Here's based on my experience of bicycling in Toronto in winter (a daily 18km / one-hour each-way commute) ...
Don't let your hands and feet (fingers and toes) get cold. They don't have a lot of fat and blood circulation and muscle (I guess they're mostly bone and tendon) so they need insulation. It's been decades since I last cross-country-skied but when I did I was wearing cross-country-ski shoes (which are designed to fit the binding of the skis), not snow boots.
Anyway to answer your question I recommend a zipper at the front.
- A base layer (I used a cotton shirt, to be honest)
- A fleecy with a zipper
- An overcoat with a zipper
My overcoat is bulky and down-filled from Mountain Equipment Coop. It has a built-in (insulated, optional) hood, and an interior elastic belt (so that warm air doesn't escape out the bottom of the coat). The point is that the coat is more than warm enough: if I close it up completely then it will keep me warm, even if I stop exercising (if I were waiting for a bus or whatever).
To be comfortable while exercising I undo the zipper[s] to let warm air spill out and away from my chest and from inside the coat (to keep my 'core' temperature cool enough). The fleecy, too, has its own zip. So I can get the right amount of heat spillage, by unzipping the coat and/or unzipping the fleecy underneath it, and varying the amount of unzippedness (throat, collar, mid-chest, diaphragm, or almost completely unzipped).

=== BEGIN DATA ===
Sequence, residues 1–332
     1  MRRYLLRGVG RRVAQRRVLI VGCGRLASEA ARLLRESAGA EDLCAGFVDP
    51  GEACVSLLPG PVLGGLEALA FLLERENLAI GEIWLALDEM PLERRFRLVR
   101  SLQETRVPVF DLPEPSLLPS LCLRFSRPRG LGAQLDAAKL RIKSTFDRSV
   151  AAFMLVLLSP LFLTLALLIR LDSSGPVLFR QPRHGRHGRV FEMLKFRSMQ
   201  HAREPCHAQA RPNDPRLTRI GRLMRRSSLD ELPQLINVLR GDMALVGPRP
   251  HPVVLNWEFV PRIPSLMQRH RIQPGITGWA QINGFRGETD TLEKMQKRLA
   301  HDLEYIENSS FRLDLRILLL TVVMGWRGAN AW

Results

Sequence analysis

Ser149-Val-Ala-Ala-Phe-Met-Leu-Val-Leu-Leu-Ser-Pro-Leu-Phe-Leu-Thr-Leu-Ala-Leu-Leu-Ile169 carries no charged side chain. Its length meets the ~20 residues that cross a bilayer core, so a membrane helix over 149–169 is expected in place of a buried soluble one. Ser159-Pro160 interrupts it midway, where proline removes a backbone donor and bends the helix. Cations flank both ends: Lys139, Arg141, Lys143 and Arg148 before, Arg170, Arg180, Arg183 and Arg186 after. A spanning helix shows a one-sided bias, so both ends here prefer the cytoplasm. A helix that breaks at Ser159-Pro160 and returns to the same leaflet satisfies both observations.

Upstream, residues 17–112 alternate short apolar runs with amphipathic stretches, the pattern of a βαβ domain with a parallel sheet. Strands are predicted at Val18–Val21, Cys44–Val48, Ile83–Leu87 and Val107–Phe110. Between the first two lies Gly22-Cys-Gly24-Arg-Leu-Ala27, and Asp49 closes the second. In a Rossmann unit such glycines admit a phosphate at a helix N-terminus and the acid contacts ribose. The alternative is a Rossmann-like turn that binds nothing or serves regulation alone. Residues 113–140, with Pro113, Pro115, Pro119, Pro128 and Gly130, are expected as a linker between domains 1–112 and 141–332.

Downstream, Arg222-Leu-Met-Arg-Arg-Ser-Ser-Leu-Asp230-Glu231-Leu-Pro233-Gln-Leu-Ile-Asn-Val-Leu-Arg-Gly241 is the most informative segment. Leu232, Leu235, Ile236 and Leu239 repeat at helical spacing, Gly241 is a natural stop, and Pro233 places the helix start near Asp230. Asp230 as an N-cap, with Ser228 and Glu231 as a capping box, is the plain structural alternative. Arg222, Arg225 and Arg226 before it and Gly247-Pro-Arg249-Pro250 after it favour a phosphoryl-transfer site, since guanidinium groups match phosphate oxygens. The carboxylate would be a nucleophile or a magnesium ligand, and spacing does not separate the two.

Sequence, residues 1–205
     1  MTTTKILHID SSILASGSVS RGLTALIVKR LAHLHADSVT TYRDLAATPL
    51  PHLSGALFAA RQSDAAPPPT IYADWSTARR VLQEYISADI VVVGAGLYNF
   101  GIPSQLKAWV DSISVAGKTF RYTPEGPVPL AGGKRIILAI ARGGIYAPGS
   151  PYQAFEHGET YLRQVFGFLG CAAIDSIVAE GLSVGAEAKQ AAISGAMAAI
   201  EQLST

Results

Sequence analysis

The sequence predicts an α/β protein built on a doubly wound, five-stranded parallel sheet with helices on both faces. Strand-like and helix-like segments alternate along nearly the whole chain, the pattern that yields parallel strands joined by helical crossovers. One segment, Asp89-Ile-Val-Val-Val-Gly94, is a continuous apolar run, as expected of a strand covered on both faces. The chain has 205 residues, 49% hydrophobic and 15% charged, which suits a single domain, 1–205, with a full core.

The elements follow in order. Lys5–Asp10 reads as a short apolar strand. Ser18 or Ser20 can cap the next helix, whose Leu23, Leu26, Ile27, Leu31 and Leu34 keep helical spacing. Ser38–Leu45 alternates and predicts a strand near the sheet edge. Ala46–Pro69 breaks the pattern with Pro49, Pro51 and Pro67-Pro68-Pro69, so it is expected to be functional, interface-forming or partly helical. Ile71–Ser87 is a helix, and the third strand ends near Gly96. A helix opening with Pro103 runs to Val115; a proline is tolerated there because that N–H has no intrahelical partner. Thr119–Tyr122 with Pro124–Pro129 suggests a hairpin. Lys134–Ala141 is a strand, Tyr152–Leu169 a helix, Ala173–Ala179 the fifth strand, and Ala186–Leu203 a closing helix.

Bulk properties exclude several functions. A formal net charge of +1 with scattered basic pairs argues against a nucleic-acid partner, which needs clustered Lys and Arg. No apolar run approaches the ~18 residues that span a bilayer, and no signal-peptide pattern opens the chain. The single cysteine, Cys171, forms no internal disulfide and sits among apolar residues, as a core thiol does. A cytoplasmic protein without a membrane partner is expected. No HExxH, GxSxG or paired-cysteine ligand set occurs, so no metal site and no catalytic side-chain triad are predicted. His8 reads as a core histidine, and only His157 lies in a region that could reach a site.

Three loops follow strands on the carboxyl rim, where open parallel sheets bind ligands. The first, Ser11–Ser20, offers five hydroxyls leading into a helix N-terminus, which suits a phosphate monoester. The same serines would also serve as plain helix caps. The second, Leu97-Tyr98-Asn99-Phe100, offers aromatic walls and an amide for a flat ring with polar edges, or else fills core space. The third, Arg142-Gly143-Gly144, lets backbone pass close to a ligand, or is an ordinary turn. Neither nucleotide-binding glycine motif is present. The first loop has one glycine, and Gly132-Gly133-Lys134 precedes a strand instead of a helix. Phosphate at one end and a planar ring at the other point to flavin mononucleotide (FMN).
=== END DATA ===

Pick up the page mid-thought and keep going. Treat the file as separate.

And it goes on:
Some people will tell you that you shouldn't have a cotton T-shirt in case it gets wet. I found that as long as I unzip enough (and adjust the amount occasionally) then I don't get too hot and hardly perspire.
If the temperature is warmer e.g. -7°C or higher then it might be too warm to exercise in a feather coat even if it's unzipped; so then I'd have the same as above (i.e. gloves and fleecy) but a thinner jacket padded/quilted with artificial insulation instead of the feather coat.
The reason for wearing a fleecy underneath is probably so that I can unzip the winter coat. Where the coat is unzipped, the fleecy lets the body heat out, but still keeps the freezing air/breeze off my skin. At -20° you can't expose your skin to the air for too long even if your body core is warm enough (skin gets too cold even if the core is warm). Having a fleecy underneath is why I can afford to unzip the coat a bit.
I want to be able to adjust the insulation to match the wind and the heat-from-exercise (so that I'm always neither too hot nor too cold). As you may know it's fine to perspire when it's hot but it's better to avoid that (getting wet) when it's very cold.